Estimating the Time Of Death in Practical Homicide Investigations
Article by Vernon J. Geberth, M.S., M.P.S.
Homocide and Forensic Consultant
©2006 Vernon J. Geberth,, Practical Homicide Investigation
Reprint: Law and Order Magazine , Vol. 55, No. 3, March, 2007
Article Expanded for Research
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Time is one of the most important factors of consideration in a murder case. It may very well convict a murderer, break an alibi, or eliminate a suspect. If the circumstances surrounding death indicate the possibility of homicide, then both the body and immediate surrounding area become crucial in estimating time of death. Estimating the time of death, especially in cases where there are no witnesses, is critical to the investigation.
Time may focus attention on various suspects. For example, the deceased may have had an appointment with someone at a specific time. Or, in cases of "exclusive opportunity" (where only certain persons are present during a specific time, e.g., husband and wife during the evening) if one of those persons is found in nightclothes the following afternoon dead from a beating, and the estimation of time of death places the incident in the range of 3 A.M. to 6 A.M., the spouse is sure to be the suspect.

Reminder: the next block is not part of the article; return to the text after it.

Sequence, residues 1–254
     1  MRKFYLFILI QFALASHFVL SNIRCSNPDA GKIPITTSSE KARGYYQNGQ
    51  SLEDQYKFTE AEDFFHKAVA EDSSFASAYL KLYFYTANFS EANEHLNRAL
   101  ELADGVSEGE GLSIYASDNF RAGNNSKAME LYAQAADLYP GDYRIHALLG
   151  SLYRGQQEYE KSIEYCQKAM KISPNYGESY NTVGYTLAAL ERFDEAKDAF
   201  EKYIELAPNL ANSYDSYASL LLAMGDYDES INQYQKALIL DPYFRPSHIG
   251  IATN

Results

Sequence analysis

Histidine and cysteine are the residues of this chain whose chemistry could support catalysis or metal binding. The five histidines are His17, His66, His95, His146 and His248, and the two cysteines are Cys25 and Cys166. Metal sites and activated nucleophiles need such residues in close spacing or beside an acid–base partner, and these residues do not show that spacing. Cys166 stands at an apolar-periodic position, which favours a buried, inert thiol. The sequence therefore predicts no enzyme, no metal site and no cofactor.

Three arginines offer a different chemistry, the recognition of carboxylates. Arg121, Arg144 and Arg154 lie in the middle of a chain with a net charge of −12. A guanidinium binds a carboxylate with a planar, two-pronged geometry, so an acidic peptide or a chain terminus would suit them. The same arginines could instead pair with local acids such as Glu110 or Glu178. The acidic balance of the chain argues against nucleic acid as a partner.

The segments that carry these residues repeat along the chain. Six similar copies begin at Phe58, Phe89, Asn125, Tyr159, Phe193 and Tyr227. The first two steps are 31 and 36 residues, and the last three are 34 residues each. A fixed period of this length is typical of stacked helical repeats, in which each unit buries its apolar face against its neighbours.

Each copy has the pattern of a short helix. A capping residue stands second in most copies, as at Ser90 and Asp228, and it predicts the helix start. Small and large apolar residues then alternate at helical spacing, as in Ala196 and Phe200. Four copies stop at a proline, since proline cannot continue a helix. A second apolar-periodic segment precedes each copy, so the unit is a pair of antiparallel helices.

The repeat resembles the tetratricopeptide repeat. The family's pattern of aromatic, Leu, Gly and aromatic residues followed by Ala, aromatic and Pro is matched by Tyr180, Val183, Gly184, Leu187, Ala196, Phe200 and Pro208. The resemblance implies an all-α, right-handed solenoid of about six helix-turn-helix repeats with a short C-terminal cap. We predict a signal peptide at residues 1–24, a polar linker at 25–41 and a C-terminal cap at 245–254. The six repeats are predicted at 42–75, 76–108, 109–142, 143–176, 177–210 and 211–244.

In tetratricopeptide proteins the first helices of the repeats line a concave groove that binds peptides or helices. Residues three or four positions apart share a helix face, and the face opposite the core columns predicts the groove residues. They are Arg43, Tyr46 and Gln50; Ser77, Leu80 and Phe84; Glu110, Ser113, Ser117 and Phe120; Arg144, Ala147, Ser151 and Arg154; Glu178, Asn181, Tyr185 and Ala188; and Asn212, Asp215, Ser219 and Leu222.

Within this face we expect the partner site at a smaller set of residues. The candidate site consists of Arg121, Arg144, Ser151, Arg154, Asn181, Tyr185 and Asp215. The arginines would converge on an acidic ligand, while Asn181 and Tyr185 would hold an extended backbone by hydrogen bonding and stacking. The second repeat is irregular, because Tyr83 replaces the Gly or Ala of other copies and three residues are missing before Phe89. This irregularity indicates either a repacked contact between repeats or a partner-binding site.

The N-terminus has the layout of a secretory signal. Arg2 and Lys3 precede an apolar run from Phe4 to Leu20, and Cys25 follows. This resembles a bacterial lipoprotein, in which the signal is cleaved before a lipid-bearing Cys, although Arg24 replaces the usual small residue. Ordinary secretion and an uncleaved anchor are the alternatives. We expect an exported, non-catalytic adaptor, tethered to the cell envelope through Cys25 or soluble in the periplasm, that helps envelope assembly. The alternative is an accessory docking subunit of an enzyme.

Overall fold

A definite time of death can corroborate or disprove a suspect's alibi. Those circumstances are extremely rare e.g. a bullet hitting and stopping a watch or an eyewitness who was present when death occurred and noted the time.
In civil matters, time may be the factor that determines whether or not an insurance policy was in effect or was void. Most insurance companies include "suicide clauses" in their policies whereby they are released from contract to pay if the insured commits suicide within a specific time, usually within one year after becoming insured. Furthermore, in probating a will, it can be crucial to learn whether the husband or wife died first, since the estate usually goes to the one who expired last.
Throughout the years, forensic scientists and pathologists have searched for a definitive method of determining time of death, yet at present there is no single reliable method. Moreover, it is impossible to fix the exact time of death; hence, we refer to an estimated time. Based on an appreciation of a large number of variables, an experienced pathologist can arrive at a reasonable estimation of time of death; usually placing it within a range of hours. The process is subject to error, especially if some crucial piece of information is omitted. It should be noted, however, that this estimation certainly represents more than just an educated guess. It is a scientifically derived opinion based on a totality of specific factors distinctive to each particular case compared with ordinary time factors attributed to the pathological changes that occur in a human body.